There are wild theories going on the internet about a ‘zombie apocalypse’ on February 21st, 2021 – here’s what started the trend.

The past year has been a tumultuous one for the whole world which started with bushfires across Australia, a global pandemic and international protests about the Black Lives movement.

As we enter the new year, many countries are still under national lockdowns and strict restrictions because of the ongoing Covid-19 situation.

In a world where we can’t make plans right now, some social media users have been reading about wild predictions about 2021 and a supposed ‘zombie apocalypse’.

Photo by Simon Wijers on Unsplash

‘Zombie apocalypse’ on February 21st, 2021 explained

The eerie prediction about a supposed ‘zombie apocalypse’ has been shared by many social media users who claim that zombies are coming on February 21st, 2021.

It appears that the trend started after people started reading about the writings of the French philosopher Nostradamus.

He allegedly made a number of predictions in his book Les Prophéties in 1555 in which he wrote:

“Few young people: half−dead to give a start. Dead through spite, he will cause the others to shine.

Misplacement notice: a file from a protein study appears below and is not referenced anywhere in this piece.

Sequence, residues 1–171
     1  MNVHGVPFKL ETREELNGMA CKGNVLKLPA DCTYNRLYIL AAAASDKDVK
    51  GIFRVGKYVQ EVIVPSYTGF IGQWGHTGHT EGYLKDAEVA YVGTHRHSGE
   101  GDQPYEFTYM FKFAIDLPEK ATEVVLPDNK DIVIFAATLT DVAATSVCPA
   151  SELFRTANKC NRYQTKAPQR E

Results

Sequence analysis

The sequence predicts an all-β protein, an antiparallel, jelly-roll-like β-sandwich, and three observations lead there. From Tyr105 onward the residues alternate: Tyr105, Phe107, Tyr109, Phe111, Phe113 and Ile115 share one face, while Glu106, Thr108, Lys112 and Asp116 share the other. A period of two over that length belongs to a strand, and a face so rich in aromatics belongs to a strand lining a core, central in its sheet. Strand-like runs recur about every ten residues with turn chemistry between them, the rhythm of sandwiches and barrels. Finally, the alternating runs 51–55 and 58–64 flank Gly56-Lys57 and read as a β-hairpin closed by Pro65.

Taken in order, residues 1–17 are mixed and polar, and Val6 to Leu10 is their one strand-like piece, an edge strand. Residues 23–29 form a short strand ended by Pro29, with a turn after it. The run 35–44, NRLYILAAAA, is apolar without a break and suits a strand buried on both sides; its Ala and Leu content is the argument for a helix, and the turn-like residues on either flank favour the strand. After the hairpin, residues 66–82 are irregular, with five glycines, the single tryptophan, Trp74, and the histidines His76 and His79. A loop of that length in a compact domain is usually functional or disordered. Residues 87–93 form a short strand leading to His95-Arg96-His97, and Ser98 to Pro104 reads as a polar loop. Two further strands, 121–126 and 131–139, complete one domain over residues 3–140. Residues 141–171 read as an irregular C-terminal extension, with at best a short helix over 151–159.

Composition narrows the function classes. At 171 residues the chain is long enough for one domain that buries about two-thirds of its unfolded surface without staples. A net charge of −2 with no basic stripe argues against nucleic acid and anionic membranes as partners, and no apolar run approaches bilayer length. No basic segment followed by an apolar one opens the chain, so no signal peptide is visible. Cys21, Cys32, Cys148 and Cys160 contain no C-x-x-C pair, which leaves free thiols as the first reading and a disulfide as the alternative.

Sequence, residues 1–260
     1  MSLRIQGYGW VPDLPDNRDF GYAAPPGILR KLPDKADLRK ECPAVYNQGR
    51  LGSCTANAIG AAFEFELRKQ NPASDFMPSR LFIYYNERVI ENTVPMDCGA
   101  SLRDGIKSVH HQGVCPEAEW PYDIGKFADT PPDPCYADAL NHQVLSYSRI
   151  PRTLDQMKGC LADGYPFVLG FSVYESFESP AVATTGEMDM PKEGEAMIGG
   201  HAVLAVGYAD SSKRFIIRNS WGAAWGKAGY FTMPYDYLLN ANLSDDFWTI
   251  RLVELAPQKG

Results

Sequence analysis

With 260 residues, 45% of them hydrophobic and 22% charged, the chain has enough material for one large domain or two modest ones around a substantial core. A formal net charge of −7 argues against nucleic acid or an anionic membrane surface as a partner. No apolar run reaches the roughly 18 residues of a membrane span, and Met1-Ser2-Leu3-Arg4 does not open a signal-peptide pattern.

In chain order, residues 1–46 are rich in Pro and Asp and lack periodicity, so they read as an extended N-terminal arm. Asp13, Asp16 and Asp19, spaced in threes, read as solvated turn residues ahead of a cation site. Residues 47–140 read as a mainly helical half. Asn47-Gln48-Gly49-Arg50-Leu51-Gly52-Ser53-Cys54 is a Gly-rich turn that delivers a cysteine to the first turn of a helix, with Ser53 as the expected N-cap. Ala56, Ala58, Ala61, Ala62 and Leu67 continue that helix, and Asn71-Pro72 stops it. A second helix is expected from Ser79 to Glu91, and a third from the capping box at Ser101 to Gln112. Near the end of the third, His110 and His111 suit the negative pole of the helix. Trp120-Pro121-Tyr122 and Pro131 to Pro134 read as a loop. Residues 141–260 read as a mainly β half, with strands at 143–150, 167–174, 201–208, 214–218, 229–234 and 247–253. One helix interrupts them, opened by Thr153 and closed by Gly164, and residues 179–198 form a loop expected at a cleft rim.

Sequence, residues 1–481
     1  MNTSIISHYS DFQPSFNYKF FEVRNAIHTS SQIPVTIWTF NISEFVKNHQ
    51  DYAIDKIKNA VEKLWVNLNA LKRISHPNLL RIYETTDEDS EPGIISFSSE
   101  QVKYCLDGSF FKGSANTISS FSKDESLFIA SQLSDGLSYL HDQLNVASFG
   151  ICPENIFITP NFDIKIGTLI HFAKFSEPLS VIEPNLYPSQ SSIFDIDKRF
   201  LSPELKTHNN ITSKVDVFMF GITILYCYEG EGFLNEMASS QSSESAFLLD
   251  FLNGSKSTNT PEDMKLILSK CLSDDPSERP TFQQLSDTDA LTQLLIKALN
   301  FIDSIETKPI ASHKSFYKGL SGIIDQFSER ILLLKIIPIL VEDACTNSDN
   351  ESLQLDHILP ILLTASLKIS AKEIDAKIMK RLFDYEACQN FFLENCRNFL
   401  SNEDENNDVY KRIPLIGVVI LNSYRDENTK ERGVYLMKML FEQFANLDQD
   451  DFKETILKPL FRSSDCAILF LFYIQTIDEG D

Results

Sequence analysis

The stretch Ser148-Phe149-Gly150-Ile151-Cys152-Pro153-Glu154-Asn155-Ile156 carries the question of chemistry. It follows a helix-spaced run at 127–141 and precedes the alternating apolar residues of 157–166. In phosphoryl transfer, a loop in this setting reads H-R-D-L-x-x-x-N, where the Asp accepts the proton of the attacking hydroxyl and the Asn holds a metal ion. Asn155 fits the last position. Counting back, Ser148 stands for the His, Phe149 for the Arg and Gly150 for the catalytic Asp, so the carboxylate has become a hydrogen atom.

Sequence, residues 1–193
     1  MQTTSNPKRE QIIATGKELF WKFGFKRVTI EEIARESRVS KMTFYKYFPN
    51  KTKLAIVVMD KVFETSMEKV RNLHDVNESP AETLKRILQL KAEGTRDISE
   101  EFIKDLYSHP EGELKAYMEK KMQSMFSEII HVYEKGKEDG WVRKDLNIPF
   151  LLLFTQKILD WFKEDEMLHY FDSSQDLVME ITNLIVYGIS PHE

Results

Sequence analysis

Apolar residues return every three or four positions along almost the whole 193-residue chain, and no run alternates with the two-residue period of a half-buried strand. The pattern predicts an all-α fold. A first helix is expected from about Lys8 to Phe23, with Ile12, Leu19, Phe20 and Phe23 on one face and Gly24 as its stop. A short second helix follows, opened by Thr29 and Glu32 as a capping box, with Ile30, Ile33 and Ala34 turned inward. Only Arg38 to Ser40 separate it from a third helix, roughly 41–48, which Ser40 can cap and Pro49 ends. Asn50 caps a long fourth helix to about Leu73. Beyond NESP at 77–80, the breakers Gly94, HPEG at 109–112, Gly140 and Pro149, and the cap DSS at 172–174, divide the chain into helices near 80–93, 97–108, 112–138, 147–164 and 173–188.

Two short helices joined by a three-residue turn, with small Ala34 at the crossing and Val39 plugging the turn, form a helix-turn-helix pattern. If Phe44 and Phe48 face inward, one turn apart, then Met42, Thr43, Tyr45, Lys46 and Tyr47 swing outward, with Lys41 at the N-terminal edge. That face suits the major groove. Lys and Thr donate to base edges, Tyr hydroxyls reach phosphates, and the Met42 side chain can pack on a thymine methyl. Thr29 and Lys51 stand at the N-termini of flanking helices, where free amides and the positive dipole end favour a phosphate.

“Fathers and mothers dead of infinite sorrows, Women in mourning, the pestilent she−monster: The Great One to be no more, all the world to end.”

Nostradamus allegedly predicted the Covid-19 outbreak in 2020 but there is no actual evidence to support that.

Theories like these have been circulating on the internet for a long time. The Mayans predicted that the world would end on June 21st, 2012 (later changed to December 21st, 2012) which didn’t happen.

Who was Nostradamus and were any of his alleged predictions true?

Nostradamus was a French astrologer and physician. He was born in Saint Rémy de Provence in December 1503.

Some of his claims have come true such as the Great Fire of London in 1666, 100 years before it actually happened.

But historians and experts have warned that some of Nostradamus’ apocalyptic predictions such as plagues were very common during his time.

Stephane Gerson, Professor of French, French Studies, and History at New York University told Reuters:

“One should keep in mind that plagues were recurrent in 16th-century Europe, during his lifetime. They were one of the travails about which he wrote (indeed, there are at least 35 references to plagues in his ‘Prophecies’).”

People react on Twitter

A lot of social media users have taken to Twitter to share their reactions to the apocalyptic theories going on the internet.

Check out a selection of tweets down below.

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